Upon their arrival in November 1066, the Normans burned Dover and constructed a new timber motte-and-bailey castle on the hill overlooking the town, taking advantage of the earthworks which were already there.
Dover castle’s location was crucial to helping William control his new realm, as it commanded the route to France by sea as well as the old road to Canterbury.
The fortification successfully repelled an attack by William’s former ally, Eustace of Boulogne, in 1067. The stone keep that stands there today was built by Henry II in the 1180s – nothing remains of the original Norman fortifications.
The Tower of London
Prior to his coronation in London on Christmas day in 1066, William sent troops ahead to capture the city and found a castle. The site chosen was at the south-eastern corner of London’s old Roman walls, and the Normans quickly constructed a simple wooden fortification.
However, almost immediately after it was completed, William initiated the process of upgrading it to stone. London was an important city and was strategically placed, so an impressive stone castle was crucial to impressing the king’s new subjects and securing his realm.
The site would have defended the entrance to London from the sea (via the river Thames), so was also an important military structure.
The original Norman White Tower was actually built of Kentish ragstone and detailed with Caen limestone, which has since been replaced with local Portland stone. It also had smaller windows in the Romanesque style which have also been replaced with enlarged later openings, although some of the originals are still visible on the south side of the building.
However, despite later adaptations, the White Tower is an excellent example of an 11th century Norman keep, with distinctively Norman elements such as the buttresses, first-floor entrance with forebuilding, and almost square ground plan (the keep measures 36 metres by 32 metres).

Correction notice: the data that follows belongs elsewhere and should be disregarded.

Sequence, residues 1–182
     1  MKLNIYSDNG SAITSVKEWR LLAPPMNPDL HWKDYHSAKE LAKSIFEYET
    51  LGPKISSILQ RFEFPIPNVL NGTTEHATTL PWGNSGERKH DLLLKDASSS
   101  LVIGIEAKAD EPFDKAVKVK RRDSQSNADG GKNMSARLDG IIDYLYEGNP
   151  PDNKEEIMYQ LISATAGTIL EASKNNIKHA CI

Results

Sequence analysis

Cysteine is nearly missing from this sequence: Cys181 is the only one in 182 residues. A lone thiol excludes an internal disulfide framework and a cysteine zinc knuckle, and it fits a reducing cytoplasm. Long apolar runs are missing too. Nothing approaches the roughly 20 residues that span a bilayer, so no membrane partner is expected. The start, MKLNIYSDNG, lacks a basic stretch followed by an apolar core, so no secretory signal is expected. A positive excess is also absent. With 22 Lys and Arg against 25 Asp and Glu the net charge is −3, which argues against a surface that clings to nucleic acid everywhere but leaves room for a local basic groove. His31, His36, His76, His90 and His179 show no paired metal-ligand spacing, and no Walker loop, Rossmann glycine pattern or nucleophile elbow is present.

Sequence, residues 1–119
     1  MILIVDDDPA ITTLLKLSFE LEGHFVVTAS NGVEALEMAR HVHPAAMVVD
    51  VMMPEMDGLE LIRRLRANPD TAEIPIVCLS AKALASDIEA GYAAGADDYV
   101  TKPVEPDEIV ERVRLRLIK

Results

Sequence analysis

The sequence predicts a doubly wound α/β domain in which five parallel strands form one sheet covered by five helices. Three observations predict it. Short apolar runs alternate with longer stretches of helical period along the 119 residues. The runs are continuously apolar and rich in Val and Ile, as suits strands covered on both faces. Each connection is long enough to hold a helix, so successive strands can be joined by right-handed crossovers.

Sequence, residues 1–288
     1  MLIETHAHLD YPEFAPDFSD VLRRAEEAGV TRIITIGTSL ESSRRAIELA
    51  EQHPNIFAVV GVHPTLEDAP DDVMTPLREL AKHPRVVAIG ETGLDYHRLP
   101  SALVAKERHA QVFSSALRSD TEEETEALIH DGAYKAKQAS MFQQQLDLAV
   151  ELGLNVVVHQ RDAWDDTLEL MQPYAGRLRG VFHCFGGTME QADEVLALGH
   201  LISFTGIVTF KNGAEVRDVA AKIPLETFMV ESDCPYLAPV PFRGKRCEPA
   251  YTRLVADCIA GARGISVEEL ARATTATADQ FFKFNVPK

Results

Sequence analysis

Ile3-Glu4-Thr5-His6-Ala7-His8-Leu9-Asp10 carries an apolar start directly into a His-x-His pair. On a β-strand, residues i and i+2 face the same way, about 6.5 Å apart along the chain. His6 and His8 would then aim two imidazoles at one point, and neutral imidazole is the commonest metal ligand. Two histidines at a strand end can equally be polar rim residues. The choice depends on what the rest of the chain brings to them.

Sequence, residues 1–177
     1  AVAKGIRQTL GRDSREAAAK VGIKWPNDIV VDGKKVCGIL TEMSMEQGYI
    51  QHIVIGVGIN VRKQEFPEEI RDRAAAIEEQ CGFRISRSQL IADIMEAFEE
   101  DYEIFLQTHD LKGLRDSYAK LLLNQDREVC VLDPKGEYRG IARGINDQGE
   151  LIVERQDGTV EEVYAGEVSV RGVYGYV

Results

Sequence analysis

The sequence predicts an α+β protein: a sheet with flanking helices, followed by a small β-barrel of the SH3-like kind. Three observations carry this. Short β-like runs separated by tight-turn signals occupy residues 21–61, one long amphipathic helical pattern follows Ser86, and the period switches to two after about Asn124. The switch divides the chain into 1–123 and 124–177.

The building also contained luxurious accommodation for the king, although it was only completed after his death in 1087.
Windsor was established by William the Conqueror as part of a series of motte-and-bailey castles surrounding London, designed to defend the capital from attack. Windsor was especially important thanks to its close proximity to the river Thames, and to the royal hunting forests at Windsor.
The first castle was a wooden keep built atop an artificial motte which stood on a chalk bluff 100 metres above the river. A small wall was also constructed at its base. Soon after it was built, a bailey was added to the east of the keep, and by the end of the 11th century, another bailey had also been built to the west, creating Windsor’s distinctive double-bailey design.
Although Windsor was later used as a royal residence, William and other Norman kings preferred to stay in the palace of Edward the Confessor in Windsor village.
Likely started in the 1070s or 1080s on the orders of William the Conqueror, Colchester castle is a large Norman fortification built on the site of an old Roman temple of Claudius. Because the builders used the foundations and plinth of the old temple, the castle is enormous, measuring 46 metres by 34 metres.